in Love Review
||Two stars pound
it out in tear-jerking movie
MPAA Rating: PG-13
Starring: Susan Sarandon, Julia Roberts, Ed Harris
By Rattaya Nimibutr
Any moviegoer would be surprised not to find trouble in a movie starring two of Hollywood’s most well-respected actresses (Susan Sarandon and Julia Roberts) and a title like Stepmom.
In this case, the trouble starts when two women try to care for the same two young children.
Sarandon stars as Jackie, the biological mother of the two children, Anna and Ben, and the ex-wife of their father, Luke (Ed Harris). Roberts plays Isabel, the new woman in Luke’s life. She also takes on the role of the dreaded stepmother of the two kids — not much of a plot there.
Nevertheless, that does not detract from the film. It is not any less valuable or attractive when compared to other tear-jerking movies. Between Sarandon and Roberts, there is enough acting magic to make Stepmom one of the most likable films this year.
In One True Thing, Meryl Streep and Renee Zellwegger laughed and cried while coming together to explore their differences. This is what the audience will experience in Stepmom between Sarandon and Roberts.
Roberts is a young and vibrant fashion photographer in a pop-culture world. Sarandon plays your everyday mommy who bakes cookies and knows the kids’ schedules like the back of her hand.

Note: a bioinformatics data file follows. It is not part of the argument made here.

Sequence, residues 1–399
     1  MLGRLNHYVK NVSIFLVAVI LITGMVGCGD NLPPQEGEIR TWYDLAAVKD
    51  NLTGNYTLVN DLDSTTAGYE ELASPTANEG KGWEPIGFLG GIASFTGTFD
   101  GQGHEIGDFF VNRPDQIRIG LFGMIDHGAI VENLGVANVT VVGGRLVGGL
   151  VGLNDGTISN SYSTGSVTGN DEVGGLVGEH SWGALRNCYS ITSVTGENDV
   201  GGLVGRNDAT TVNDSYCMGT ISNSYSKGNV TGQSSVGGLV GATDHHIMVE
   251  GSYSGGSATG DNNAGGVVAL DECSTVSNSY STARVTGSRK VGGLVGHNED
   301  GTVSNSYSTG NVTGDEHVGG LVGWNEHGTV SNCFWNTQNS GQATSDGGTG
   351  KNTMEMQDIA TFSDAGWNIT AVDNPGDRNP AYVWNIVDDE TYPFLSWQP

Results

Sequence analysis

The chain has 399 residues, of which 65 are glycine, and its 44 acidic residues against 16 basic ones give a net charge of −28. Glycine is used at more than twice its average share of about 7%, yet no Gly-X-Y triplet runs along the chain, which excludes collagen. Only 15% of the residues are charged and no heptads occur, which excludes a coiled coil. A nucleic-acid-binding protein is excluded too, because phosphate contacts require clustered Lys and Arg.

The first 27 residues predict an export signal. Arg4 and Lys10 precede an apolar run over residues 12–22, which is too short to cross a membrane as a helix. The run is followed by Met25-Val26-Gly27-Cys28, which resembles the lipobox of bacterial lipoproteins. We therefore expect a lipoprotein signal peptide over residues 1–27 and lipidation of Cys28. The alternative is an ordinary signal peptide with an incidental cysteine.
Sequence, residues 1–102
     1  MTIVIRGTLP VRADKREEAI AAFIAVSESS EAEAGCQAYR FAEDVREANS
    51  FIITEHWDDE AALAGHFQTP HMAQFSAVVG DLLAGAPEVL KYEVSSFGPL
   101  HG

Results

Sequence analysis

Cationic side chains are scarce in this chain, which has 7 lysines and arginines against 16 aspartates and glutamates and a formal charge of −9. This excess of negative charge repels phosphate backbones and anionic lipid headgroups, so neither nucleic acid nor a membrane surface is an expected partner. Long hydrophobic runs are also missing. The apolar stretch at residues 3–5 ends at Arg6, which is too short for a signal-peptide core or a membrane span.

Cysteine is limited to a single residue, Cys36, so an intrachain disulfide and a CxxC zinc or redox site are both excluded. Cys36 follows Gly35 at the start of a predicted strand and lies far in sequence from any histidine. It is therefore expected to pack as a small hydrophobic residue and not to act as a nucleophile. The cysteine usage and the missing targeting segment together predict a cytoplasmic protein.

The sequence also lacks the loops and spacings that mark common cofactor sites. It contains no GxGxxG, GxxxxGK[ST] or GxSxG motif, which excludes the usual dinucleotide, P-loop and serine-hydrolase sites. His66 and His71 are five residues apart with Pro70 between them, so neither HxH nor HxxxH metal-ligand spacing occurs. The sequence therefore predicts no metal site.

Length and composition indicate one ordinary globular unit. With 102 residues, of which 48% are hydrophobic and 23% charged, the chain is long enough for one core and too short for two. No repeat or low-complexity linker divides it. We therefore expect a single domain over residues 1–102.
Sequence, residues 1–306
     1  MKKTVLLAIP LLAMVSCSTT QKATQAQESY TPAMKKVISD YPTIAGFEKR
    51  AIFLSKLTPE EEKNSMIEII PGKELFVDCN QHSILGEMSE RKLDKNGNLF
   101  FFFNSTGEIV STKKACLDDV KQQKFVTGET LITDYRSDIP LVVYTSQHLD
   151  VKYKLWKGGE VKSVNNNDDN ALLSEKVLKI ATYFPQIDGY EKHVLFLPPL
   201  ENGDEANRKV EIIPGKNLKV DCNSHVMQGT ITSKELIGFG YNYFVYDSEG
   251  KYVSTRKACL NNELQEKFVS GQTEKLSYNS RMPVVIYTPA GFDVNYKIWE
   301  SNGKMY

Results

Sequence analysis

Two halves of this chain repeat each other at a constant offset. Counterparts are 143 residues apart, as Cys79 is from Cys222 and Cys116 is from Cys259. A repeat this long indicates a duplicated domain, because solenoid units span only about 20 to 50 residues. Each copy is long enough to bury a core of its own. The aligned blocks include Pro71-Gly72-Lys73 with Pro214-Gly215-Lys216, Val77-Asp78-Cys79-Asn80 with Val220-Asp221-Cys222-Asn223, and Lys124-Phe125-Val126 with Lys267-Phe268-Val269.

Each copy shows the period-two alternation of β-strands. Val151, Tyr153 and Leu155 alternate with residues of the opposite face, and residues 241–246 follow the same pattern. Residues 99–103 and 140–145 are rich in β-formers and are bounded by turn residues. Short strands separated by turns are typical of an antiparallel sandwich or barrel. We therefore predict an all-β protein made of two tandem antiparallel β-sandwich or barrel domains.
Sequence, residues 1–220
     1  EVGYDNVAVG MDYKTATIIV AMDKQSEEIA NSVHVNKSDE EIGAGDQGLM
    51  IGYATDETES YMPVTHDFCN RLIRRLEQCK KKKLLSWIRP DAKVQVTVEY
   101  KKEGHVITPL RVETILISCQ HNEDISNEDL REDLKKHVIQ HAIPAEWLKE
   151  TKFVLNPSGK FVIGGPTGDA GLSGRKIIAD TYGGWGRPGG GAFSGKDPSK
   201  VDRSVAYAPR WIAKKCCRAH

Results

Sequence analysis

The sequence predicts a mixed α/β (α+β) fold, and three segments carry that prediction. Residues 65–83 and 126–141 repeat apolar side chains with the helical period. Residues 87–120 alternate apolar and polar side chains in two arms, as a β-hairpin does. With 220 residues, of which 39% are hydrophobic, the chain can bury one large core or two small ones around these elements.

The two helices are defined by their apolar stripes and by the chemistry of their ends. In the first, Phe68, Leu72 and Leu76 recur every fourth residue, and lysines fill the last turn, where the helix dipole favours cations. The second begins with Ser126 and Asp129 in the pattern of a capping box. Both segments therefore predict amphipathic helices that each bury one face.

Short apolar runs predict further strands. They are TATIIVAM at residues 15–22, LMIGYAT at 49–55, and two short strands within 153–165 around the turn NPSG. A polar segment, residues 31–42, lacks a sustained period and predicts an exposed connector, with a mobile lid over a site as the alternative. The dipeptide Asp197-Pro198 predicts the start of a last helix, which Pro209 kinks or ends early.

Typical and predictable obstacles occur between the two women as the movie develops into a beautiful family-oriented experience. It makes you look twice at what a mother and a stepmother go through in a divorce. Sarandon and Roberts are brilliant in their own sensuous and bubbly ways.
The cute kids, 12-year-old Anna (Jena Malone) and seven-year-old Ben (Liam Aiken), add innocent humor to the movie. Though it may seem that Sarandon and Roberts are the dynamic duo in the film, the two kids are the real main attractions.
Both Malone and Aiken portray the typical all-American children whose emotions clash adorably when they face the compounded problems of loving their mother and suffering through the child care of their naïve stepmother.
The movie also digs deep into Sarandon’s depiction of the ‘90s woman trying to keep her children in her own arms. Sarandon is forced to compete with Roberts’ convergence with Luke and the children, and fears that her young ones will see their stepmother as her replacement.
Directed by Chris Columbus, who brought you that other family-oriented film Mrs. Doubtfire, Stepmom allows Sarandon and Roberts to explore their differences while crafting the film into a handful of laughs, tears and strong investments in sensitive and festive dialogue.
Stepmom is a wonderful holiday film that is sure to make you
feel good when you leave the theater.
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